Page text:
Hyperdrive (2007) Series 2, Episode 1 – The Green Javelins

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When we last left the crew of the HMS Camden Lock, they were basically removed from duty and about to be tried as traitors after defecting from The British Empire. Henderson was faced with his own “Kobayashi Maru” situation involving an impossibly hard performance review, and let’s just say he didn’t do so well. For better or worse, we never actually see the resolution to that plot, leading me to believe that the writers hated the ending as much as I did. At the start of series two, everything is as back to normal as this ship can be: Henderson is back in charge, albeit not for long if the Space Marshall has anything to do with it.

Series one left a bad taste in my mouth due largely to mediocre scripts and bad special effects. I’m not a big “I hate stuff because the special effects suck” kind of guy usually, but this show over-uses bad CGI that it has no business using so much. I’ve been waiting to see the second series to see what they did to “right the ship”. From the first moments of the very first episode, one can see that everything has a new coat of paint, leading me to assume that this series has quite a bit more money than the previous one. There is a new theme song, new computer-generated affects, and better writing. It seems that the production staff have answered my call.

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Once again the higher-ups have decided to trust Commander Henderson with yet another task that his crew will most likely mess up. It seems that a space acrobatic team called the “Green javelins” (a play on real acrobatic teams like the Blue Angels or Red Arrows) has recently lost a ship, and the HMS Camden Lock is set to take it’s place. This excites Henderson greatly, as he has been frothing at the mouth for a chance to show his boss that he has what it takes to be great.

Teal has a problem with this new assignment, as it forces her to come face-to-face with an old flame named Jeremy Mason, a man that now leads the “Green javelins.” When they were teenagers, both Teal and Mason (played by Stephen Mangan) met at their agnostic church camp and fell in love. It seems he stood her up when they were supposed to meet up, and he has regretted it ever since.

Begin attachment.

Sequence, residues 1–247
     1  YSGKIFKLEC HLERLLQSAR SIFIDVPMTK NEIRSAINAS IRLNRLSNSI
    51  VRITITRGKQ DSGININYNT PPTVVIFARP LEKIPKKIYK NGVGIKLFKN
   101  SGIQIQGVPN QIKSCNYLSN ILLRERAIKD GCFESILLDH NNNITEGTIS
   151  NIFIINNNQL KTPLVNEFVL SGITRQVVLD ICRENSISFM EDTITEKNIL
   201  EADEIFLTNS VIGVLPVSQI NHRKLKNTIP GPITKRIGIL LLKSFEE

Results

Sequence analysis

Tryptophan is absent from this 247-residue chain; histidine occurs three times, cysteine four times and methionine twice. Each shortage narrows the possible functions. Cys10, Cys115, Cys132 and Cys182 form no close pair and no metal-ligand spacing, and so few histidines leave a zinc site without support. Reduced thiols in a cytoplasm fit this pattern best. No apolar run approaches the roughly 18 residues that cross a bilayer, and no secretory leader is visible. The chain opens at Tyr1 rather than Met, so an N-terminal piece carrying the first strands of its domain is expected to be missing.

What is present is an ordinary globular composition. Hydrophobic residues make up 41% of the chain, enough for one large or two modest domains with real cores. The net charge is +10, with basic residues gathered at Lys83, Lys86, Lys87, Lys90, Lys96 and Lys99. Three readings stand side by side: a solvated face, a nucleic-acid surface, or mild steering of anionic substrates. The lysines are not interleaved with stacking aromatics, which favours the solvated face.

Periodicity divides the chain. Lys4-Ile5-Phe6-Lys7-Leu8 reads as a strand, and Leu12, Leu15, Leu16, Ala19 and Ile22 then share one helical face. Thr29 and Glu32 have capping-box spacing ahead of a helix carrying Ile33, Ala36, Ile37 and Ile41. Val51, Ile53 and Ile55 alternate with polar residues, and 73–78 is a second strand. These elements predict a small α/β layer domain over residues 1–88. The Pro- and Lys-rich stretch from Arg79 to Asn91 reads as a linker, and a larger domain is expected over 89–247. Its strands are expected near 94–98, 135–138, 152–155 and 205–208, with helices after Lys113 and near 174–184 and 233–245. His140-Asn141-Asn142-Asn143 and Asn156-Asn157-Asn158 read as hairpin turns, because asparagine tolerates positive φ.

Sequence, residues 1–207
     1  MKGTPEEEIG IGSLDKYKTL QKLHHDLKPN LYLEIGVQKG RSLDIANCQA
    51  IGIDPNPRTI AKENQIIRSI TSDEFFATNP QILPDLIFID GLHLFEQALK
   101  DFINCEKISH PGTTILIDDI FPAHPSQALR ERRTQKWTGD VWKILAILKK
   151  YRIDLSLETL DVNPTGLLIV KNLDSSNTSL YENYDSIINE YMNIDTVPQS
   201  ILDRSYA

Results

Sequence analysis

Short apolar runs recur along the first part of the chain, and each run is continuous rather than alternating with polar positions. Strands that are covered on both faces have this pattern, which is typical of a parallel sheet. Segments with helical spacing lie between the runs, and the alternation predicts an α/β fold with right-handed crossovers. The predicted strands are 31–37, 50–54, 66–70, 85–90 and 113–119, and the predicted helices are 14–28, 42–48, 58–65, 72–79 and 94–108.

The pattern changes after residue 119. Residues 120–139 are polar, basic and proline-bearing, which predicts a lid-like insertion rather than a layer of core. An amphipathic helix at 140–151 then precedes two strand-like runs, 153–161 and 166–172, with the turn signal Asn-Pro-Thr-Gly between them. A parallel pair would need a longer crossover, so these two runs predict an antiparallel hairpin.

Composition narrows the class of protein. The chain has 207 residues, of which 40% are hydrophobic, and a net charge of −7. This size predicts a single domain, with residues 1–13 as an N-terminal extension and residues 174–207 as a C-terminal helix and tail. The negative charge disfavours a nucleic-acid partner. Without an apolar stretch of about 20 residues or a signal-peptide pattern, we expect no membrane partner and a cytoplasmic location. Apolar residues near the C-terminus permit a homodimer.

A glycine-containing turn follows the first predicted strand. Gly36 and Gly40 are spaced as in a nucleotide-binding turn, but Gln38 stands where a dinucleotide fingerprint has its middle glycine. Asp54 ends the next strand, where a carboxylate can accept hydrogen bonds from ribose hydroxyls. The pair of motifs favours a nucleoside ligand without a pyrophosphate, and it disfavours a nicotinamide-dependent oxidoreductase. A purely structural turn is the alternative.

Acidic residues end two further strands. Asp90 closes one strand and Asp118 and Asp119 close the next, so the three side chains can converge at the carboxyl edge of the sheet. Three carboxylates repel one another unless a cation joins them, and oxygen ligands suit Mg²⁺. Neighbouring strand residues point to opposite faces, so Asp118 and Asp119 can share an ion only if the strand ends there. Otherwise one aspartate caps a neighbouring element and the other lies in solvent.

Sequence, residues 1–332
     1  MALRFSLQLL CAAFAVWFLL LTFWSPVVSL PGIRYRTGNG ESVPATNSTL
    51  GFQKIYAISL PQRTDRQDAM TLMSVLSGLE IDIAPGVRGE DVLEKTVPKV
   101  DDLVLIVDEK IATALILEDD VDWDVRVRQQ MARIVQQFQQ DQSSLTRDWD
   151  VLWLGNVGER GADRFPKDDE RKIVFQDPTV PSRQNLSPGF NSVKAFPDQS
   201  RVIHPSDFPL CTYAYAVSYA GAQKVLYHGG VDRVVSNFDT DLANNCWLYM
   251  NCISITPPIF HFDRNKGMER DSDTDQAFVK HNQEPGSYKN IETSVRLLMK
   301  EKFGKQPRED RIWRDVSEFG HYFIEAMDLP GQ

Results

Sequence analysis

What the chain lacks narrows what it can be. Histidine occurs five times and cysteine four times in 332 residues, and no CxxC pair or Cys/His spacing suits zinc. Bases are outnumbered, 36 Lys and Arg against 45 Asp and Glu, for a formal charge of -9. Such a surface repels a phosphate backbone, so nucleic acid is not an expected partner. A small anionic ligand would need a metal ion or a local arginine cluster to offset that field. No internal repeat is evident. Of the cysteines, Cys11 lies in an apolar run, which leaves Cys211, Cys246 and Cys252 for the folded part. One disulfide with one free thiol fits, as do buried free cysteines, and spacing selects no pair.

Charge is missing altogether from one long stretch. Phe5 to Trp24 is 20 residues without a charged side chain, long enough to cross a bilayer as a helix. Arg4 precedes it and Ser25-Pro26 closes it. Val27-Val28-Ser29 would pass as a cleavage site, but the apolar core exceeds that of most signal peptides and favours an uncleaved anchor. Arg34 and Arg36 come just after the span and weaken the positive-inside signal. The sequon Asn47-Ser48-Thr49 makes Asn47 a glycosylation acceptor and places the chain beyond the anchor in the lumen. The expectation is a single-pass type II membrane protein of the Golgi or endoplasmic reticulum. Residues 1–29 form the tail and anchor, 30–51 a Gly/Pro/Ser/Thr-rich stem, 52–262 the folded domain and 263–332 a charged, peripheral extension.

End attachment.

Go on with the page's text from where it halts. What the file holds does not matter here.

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When they get together, Mason explains that he lost his faith when he didn’t see her again, and we’re treated to one of the funnier jokes in the episode. They begin to talk at length about their “agnostic faith” that was so intense in their youth. This version of agnosticism is pretty humorous, as it is described in a similar manner to the evangelical Christian church, just more vague. here is an excerpt of a “hymn” we hear them sing in the episode: 

“I have a vague feeling inside of me.

A hazy spirit duality.

It fills me half-way, but not to the top.

Empirical reasoning makes it stop.”

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While this is going on, York decides to create some sort of clone of himself, so that he can do a better job of instilling unrelenting fear in the hearts of anyone that would not take their job very seriously. Problem is that something goes wrong, VERY WRONG, and York’s “son” isn’t exactly the sharpest knife in the drawer. There is a lot of confusion when this second York starts roaming around the ship mumbling to himself and delivering garbled nonsense to passersby. York realizes what he has done, and becomes a Victor Frankenstein of sorts, frantically trying to stop his creation from ruining his name.

I mentioned earlier that the writing got a lot better, and one of the main reasons that I could tell was that these two plots actually came together in some meaningful way, and the clone sub-plot wasn’t just a set up for a cheap gag. At the end of the episode we find the clone, rejected by his “father”, trying to show that he isn’t worthless by sacrificing himself in order to save the rest of the crew.